Sorry Mark Ritson, The Duopoly Won’t Make A Dent In The Australian TV Market

Sorry Mark Ritson, The Duopoly Won’t Make A Dent In The Australian TV Market

In this guest post, Praful Desai (pictured below), business development director at TVSquared, addresses Mark Ritson’s recent warning on the future of the Australian TV industry…

The Australian TV landscape is worth $3.1 billion and growing. From increasing transparency efforts, to pure measurement of linear TV, and even the promise of addressable TV on the horizon, it’s an enticing market that holds a lot of potential. I wouldn’t be surprised to hear that Facebook and Google (a.k.a. The Duopoly) are eyeing up a chunk of the Australian TV landscape for themselves.


At the 2018 INFORM News Media Summit, Mark Ritson – Professor of marketing at Melbourne Business School and an influential voice in the advertising landscape – issued a warning to the TV networks. He claimed that Facebook and Google would soon begin “cannibalising” wider media opportunities, as they’ve reached an impasse with digital revenue from newspapers and magazines.

TV – the “traditional” platform – has held it’s own against the powers of the Duopoly, or even FANG (Facebook, Amazon, Netflix, Google), in other regions, so why should Australia be any different?

The Power of TV

In today’s digital age, marketers are spoilt for choice when it comes to choosing which channel to distribute their ad creatives. TV is famed for its reach – latest figures from the Australian Video Viewing Report from Regional TAM, OzTAM and Nielsen show that 19.64 million Australians tune into their in-home TV sets each week – but that’s not all it can do. TV is also a performance-marketing channel, allowing marketers to choose which spots will help to drive the ideal response.

By measuring TV spot performance, marketers can now understand, in real time, how their chosen strategy has delivered against days of the week, time of day, network or audience segment. This delivers crucial insight into how marketers can maximise their ad spend and optimise the placement – whether it’s through search, site visits, app activity, SMS or any other touch point. Only then can brands move forward and tailor their TV campaigns to reap the best response.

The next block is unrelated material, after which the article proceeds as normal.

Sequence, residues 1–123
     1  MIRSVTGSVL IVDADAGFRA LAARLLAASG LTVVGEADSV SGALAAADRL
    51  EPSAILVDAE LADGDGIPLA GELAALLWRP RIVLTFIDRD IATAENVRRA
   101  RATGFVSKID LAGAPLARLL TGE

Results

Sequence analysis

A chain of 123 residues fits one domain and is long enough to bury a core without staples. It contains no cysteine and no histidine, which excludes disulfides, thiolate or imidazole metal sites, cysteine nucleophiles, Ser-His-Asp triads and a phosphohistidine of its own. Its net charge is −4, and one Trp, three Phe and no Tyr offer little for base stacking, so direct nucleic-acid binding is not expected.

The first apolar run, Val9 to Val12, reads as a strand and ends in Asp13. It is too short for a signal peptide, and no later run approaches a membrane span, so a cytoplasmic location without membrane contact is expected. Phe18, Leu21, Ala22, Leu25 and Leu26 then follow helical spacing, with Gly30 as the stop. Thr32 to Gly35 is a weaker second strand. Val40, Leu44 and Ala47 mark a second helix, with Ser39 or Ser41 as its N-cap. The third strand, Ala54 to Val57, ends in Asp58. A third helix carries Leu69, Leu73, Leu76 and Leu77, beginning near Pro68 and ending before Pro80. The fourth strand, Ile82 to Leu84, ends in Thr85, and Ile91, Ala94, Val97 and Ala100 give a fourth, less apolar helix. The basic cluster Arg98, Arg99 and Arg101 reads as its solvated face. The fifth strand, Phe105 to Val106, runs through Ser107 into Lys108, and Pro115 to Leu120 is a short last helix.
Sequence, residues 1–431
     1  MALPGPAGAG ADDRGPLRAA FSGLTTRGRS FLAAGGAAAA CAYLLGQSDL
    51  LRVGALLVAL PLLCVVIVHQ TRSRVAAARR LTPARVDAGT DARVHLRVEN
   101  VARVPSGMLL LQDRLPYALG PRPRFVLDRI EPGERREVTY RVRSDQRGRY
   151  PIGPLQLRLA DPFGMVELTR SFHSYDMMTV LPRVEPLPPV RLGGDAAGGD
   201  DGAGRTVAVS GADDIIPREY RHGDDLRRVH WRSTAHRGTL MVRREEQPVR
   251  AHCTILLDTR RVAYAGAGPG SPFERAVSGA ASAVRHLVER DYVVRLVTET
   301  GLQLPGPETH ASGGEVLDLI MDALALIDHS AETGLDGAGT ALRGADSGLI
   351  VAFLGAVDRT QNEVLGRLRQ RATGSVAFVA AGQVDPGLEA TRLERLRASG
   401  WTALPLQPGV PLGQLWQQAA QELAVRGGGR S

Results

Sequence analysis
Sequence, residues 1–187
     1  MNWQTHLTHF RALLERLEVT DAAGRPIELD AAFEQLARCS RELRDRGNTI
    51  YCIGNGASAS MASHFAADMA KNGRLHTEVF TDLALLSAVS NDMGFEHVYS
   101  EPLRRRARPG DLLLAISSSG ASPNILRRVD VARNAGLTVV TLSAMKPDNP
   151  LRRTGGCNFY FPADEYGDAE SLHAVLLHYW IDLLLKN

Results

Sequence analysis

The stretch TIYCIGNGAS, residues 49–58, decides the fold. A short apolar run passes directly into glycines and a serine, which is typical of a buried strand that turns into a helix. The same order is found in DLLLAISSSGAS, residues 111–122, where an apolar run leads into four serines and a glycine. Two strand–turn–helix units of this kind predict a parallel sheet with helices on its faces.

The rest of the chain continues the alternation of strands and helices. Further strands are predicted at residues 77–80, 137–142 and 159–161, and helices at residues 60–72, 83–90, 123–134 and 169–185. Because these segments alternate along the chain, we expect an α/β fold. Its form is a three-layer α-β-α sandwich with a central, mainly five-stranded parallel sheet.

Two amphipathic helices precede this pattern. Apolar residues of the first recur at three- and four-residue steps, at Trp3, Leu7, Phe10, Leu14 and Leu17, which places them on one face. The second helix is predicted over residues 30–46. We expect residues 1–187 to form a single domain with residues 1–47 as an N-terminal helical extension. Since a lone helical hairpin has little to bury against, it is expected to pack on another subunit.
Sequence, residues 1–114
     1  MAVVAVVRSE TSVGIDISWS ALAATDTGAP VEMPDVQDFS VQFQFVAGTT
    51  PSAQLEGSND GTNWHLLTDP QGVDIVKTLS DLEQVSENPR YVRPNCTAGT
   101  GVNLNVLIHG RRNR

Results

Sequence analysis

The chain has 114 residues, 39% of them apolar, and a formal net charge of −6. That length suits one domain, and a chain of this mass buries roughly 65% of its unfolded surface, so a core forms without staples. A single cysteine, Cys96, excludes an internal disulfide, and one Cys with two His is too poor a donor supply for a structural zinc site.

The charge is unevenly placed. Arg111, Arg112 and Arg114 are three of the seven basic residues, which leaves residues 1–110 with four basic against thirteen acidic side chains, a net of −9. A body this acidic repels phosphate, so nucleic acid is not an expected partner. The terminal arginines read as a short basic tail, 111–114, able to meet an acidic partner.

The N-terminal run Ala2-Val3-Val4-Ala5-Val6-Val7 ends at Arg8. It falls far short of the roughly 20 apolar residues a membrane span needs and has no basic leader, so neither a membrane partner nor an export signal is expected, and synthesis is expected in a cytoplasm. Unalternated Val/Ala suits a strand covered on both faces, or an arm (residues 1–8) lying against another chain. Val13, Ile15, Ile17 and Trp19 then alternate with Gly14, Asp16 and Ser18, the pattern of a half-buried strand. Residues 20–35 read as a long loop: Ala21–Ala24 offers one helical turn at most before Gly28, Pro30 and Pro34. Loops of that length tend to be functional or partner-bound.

The Future of TV

TV has a plan and believe me it doesn’t involve being “cannibalised” by the almighty four. We can expect the Australian TV market to mature in other ways; the current focus is on developing sophisticated and effective performance analytics.

It’s these measurement technologies that will be the stepping-stone to greater innovation across the TV landscape, not the involvement of FANG. From here the market can then continue to evolve with the introduction of new TV technologies such as the advent of addressable TV – increasing TV’s reach to a plethora of households while broadcasting different ads to each, rather than relying on digital presence alone.

But with influencers such as Ritson claiming, “the real battlefield for TV is [only just] starting to emerge,” it’s no surprise the industry is paying attention to FANG’s movements. The Australian TV market should focus on working in tandem with the Duopoly – and ensure that the “rivers do run gold again. By marrying TV and digital, we can create a complementary mixed media model that successfully drives offline and online response, improving search activity and capitalising on the rise of second screen activity.

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